Groundwork is run by Jen Margaret, a dedicated Treaty advocate and educator.
Jen is Pākehā, of Cornish, Scottish, Danish and German ancestry. Her ancestors arrived in Te Wai Pounamu in the 1860s. Raised near Leeston on the Canterbury Plains, in the rohe of Ngāi Te Ruahikihiki, Jen was a late learner about the Treaty of Waitangi, first engaging with it at university in the 1990s. Since then, she’s been active in Treaty education and has been fortunate to have been guided in this work by many inspiring Māori and Pākehā people.
Jen is a knowledgeable and skilled facilitator who enjoys working with individuals and organisations to deepen our understanding and application of the Treaty. A recipient of Winston Churchill and Loxley Fellowships, Jen has researched the work of non-indigenous allies in North America, Australia and Aotearoa. The findings are published in her book Working as allies: supporters of indigenous justice reflect (2013). In 2016 she produced Ngā Rerenga o Te Tiriti: Community organisations engaging with the Treaty of Waitangi .
Jen is driven by the question posed by one of her mentors, Mitzi Nairn, “How might we be the honourable people that the rangatira thought they were entering into relationship with in 1840?”
She is also guided by the whakataukī, “Ko koe ki tēnā, ko ahau ki tēnei kīwai o te kete.” In this context, the whakataukī speaks to the differing roles and responsibilities for Tangata Tiriti and Tangata Whenua within the Treaty relationship.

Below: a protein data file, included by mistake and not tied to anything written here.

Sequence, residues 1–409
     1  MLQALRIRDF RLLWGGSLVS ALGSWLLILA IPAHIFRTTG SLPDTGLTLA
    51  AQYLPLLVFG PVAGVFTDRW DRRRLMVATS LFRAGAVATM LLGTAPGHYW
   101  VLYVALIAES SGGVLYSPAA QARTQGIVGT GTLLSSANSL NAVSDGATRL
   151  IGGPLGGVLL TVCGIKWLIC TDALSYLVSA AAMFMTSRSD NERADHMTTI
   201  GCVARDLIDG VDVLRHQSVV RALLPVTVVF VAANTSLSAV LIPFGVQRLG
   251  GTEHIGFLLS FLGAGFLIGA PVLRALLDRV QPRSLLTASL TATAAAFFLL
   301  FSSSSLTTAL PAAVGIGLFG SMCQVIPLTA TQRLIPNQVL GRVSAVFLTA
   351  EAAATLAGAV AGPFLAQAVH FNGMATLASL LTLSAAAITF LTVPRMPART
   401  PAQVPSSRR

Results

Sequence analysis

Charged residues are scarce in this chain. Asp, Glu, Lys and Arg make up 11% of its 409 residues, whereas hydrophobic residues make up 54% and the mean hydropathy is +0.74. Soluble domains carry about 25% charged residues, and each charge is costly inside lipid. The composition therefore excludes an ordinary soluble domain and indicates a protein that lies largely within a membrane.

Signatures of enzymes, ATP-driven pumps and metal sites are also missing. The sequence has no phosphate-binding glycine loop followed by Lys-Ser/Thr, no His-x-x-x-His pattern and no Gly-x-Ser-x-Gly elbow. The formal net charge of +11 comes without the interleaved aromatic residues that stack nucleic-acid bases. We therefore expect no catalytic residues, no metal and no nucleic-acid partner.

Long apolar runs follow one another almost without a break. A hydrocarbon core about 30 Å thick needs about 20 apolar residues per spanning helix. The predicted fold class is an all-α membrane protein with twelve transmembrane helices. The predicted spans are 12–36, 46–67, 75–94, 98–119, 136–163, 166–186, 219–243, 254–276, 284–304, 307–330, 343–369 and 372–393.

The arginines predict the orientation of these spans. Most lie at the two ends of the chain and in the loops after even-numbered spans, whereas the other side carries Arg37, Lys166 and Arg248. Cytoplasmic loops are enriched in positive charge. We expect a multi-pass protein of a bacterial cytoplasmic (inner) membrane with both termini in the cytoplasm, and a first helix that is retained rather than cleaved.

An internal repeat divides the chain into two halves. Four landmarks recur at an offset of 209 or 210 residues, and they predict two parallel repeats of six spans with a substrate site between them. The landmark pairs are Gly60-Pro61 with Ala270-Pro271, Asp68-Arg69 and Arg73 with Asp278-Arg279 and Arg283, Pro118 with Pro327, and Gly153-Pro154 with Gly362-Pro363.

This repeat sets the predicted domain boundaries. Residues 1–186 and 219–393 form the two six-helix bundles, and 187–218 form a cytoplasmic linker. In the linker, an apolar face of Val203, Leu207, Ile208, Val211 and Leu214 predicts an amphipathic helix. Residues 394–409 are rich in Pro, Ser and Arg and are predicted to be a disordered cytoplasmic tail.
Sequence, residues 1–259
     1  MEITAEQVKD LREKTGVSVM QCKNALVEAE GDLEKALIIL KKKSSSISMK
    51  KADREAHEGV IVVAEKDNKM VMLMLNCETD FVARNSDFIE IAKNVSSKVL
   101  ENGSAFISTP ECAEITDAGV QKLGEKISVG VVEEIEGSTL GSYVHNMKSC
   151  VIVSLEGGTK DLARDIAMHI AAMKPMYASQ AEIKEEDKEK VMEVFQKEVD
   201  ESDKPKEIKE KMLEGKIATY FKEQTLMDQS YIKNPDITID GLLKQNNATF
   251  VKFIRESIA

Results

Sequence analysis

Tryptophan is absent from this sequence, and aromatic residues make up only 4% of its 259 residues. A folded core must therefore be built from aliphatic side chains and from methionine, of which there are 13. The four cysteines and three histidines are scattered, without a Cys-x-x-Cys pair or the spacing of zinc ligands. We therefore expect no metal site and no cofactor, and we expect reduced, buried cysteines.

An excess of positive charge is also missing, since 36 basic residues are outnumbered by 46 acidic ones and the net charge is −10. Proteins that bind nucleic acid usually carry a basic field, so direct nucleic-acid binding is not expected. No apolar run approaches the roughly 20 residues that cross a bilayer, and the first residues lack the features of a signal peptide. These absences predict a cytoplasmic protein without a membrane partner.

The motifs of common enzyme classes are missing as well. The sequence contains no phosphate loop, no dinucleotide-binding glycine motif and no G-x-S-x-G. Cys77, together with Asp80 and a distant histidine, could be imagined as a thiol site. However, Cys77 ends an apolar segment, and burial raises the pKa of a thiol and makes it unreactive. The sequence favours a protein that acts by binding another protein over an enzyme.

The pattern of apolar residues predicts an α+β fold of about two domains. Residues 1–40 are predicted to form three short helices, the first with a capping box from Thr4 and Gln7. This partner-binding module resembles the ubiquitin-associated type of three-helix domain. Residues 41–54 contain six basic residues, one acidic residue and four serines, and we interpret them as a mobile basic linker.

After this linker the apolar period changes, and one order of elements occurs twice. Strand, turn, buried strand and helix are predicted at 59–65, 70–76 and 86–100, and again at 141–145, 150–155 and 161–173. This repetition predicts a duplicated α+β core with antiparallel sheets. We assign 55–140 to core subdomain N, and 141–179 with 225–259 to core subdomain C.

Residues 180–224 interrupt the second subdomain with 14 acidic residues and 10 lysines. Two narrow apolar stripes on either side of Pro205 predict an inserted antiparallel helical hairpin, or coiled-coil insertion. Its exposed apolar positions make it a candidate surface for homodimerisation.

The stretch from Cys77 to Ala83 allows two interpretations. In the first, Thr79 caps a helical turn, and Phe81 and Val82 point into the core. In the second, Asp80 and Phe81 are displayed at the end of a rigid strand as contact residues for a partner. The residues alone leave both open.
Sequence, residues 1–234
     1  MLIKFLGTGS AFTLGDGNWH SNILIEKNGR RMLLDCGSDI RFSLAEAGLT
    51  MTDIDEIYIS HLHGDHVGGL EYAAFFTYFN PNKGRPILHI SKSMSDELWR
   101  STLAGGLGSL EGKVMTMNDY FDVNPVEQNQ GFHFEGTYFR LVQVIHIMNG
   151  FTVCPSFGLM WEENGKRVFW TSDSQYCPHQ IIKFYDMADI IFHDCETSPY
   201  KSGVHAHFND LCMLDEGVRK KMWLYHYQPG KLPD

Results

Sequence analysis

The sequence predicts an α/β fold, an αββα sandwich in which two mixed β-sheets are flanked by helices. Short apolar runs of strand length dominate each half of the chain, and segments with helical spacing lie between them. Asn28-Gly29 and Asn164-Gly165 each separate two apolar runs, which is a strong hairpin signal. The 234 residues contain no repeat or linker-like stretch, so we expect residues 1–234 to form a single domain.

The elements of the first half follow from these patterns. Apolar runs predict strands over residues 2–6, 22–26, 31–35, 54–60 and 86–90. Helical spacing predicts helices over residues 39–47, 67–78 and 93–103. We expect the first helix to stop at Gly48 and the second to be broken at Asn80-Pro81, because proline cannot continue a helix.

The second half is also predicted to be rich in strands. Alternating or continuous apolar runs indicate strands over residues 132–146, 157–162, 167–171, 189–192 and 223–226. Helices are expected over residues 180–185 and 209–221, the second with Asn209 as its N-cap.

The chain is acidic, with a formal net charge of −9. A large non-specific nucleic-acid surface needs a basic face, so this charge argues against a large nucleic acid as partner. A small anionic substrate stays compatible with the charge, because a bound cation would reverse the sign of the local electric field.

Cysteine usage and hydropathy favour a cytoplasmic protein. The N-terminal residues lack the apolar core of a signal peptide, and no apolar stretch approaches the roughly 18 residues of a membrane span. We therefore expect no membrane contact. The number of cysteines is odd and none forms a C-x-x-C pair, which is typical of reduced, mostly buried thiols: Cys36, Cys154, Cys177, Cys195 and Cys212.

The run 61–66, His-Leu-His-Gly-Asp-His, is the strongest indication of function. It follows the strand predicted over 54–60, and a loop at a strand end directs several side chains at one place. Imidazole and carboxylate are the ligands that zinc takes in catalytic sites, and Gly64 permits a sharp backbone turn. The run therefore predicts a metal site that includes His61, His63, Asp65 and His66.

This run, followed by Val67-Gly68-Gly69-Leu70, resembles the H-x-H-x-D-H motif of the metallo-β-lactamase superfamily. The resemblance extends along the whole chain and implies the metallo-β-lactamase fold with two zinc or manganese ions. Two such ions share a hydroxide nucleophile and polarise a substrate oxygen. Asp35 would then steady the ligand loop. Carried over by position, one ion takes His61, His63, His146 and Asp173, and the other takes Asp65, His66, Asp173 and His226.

Jen lives in Te Whanganui a Tara / Wellington. She collaborates with colleagues around the country to provide workshops and services that support personal, organisational and societal change.
The name ‘Groundwork’
To create Treaty-based change in Aotearoa, we need to understand our histories. We need to understand where we stand in this land, at both personal and organisational levels, and what effect our position has on the world around us. What’s more we need to act!
Addressing injustice requires will and effort – it takes sweat and tears (sometimes literally)! The name Groundwork: Facilitating Change reflects Jen’s passion for supporting people who wish to dig beneath the surface to better understand historical and current relationships in Aotearoa. Groundwork exists to support people who want to put in the effort to nourish a just and flourishing society.